Optimization Model with Fairness Objective for Air Traffic Management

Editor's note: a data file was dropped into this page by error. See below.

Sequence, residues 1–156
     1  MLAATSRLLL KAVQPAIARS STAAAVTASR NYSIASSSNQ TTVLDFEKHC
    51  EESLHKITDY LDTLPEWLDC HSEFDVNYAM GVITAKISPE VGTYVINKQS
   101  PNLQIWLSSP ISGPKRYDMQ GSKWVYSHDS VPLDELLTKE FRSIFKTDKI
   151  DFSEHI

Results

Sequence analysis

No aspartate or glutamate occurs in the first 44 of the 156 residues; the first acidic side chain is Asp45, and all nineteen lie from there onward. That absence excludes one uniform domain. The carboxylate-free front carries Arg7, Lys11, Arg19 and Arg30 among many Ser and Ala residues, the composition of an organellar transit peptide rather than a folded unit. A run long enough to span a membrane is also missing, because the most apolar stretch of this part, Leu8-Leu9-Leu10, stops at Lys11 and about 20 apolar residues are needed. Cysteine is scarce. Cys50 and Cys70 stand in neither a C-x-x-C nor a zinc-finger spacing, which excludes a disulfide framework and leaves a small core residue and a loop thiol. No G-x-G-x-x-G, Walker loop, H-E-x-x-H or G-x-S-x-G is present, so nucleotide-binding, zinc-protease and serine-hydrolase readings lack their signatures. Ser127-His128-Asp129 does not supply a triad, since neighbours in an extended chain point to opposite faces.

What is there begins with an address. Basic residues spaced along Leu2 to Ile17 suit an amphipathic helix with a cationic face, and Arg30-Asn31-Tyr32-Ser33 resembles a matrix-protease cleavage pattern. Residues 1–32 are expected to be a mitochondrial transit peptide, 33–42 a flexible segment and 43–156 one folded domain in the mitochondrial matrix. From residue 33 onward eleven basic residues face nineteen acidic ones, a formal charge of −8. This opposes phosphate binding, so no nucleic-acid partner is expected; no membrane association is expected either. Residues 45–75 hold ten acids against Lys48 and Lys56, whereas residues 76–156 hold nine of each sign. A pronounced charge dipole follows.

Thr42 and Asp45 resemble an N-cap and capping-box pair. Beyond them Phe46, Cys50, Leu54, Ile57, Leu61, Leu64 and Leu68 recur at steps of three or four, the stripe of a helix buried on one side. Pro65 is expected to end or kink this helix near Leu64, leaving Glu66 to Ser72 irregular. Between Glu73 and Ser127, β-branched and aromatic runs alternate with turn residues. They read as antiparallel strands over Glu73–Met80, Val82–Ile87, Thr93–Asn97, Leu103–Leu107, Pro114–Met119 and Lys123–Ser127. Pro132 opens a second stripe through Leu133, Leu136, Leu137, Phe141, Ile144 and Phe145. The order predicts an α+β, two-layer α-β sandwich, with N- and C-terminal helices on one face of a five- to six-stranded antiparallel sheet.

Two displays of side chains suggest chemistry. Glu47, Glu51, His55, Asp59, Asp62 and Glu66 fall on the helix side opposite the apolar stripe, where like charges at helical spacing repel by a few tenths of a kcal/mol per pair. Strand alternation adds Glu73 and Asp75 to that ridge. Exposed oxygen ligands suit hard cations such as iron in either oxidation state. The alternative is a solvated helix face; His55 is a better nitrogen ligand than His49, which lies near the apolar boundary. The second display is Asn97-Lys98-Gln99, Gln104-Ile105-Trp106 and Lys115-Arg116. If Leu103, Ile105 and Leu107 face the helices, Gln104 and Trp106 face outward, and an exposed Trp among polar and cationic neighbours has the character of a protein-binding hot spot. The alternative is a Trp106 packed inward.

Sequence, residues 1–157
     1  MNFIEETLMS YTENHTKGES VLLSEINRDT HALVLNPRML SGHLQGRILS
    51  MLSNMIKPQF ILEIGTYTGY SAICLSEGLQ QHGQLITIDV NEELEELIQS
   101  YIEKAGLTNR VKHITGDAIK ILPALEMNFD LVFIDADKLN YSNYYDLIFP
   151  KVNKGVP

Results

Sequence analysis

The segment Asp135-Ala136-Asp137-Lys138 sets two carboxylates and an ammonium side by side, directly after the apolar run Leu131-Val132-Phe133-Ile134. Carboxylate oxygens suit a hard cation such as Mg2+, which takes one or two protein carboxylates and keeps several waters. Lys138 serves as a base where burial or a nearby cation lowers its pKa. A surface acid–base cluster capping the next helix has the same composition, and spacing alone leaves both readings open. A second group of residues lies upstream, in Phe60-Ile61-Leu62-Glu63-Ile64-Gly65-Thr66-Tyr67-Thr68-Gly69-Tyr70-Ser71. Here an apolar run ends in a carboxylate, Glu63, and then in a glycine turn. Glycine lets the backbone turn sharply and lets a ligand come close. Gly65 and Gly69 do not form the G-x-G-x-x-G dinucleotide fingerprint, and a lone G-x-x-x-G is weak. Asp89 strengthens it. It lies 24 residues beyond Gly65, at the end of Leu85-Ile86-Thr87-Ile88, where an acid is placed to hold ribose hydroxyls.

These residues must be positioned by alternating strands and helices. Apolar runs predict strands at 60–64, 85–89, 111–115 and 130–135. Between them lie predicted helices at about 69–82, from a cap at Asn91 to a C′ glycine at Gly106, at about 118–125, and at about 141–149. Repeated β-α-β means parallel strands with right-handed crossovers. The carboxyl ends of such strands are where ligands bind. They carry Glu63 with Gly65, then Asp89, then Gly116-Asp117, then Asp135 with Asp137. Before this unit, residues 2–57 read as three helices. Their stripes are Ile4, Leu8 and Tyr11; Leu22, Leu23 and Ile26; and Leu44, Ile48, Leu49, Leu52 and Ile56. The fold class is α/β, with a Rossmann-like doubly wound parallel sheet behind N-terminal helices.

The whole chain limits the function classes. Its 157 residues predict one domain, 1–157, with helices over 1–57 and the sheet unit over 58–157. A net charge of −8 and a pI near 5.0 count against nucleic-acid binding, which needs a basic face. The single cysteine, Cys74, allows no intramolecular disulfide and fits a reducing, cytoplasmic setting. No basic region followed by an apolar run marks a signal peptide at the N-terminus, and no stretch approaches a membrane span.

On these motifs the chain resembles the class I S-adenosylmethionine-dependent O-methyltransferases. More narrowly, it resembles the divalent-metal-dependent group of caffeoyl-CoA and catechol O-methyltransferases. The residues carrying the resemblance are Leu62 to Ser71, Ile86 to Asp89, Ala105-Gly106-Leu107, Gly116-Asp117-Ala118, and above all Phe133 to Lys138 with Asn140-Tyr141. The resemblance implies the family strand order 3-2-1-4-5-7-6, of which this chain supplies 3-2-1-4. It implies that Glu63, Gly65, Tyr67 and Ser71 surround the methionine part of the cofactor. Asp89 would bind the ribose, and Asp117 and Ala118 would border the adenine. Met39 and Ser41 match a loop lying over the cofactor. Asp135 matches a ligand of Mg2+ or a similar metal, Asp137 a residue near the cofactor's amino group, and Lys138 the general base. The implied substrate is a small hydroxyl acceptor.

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With the ever-increasing congestion at airports around the world, studies into ways of minimizing delay costs on the ground while meeting the goals of the airlines are necessary. When arrival capacities are reduced at major airports, the Federal Aviation Administration (FAA) issues revised departure/arrival times to prevent congestion at restricted airports. This is referred to as the National Ground Delay Program Problem. A new approach to developing ground delay programs, called Collaborative Decision Making (CDM), is being developed. CDM goals include more information exchange and greater participation on the part of the airlines in determining landing slot allocations. This thesis develops a model specifically for the CDM setting. A key element is the inclusion of a fairness criterion within the underlying optimization model. The fairness criterion seeks to "pay back" an airline for time slots that it is owed but cannot make use of due to mechanical or other difficulties. It also attempts to provide incentives to the airlines to increase the exchange of information. This thesis investigates the Ground Delay Problem relative to a single airport. Different formulations of the integer programming model are given that take into account airport capacities and airline goals and experiments are conducted with realistic data to determine the solvability of the problem. Results for this model are compared with output from the Flight Schedule Monitor (FSM), the CDM decision support tool.